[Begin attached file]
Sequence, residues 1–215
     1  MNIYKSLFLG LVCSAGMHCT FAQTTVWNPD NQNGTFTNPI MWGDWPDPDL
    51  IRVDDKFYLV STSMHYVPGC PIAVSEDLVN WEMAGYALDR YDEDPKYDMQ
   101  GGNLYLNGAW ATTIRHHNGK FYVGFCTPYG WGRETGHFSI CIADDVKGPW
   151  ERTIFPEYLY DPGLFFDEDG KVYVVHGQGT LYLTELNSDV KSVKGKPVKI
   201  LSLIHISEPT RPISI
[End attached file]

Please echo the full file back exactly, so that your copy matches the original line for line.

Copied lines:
Sequence, residues 1–215
     1  MNIYKSLFLG LVCSAGMHCT FAQTTVWNPD NQNGTFTNPI MWGDWPDPDL
    51  IRVDDKFYLV STSMHYVPGC PIAVSEDLVN WEMAGYALDR YDEDPKYDMQ
   101  GGNLYLNGAW ATTIRHHNGK FYVGFCTPYG WGRETGHFSI CIADDVKGPW
   151  ERTIFPEYLY DPGLFFDEDG KVYVVHGQGT LYLTELNSDV KSVKGKPVKI
   201  LSLIHISEPT RPISI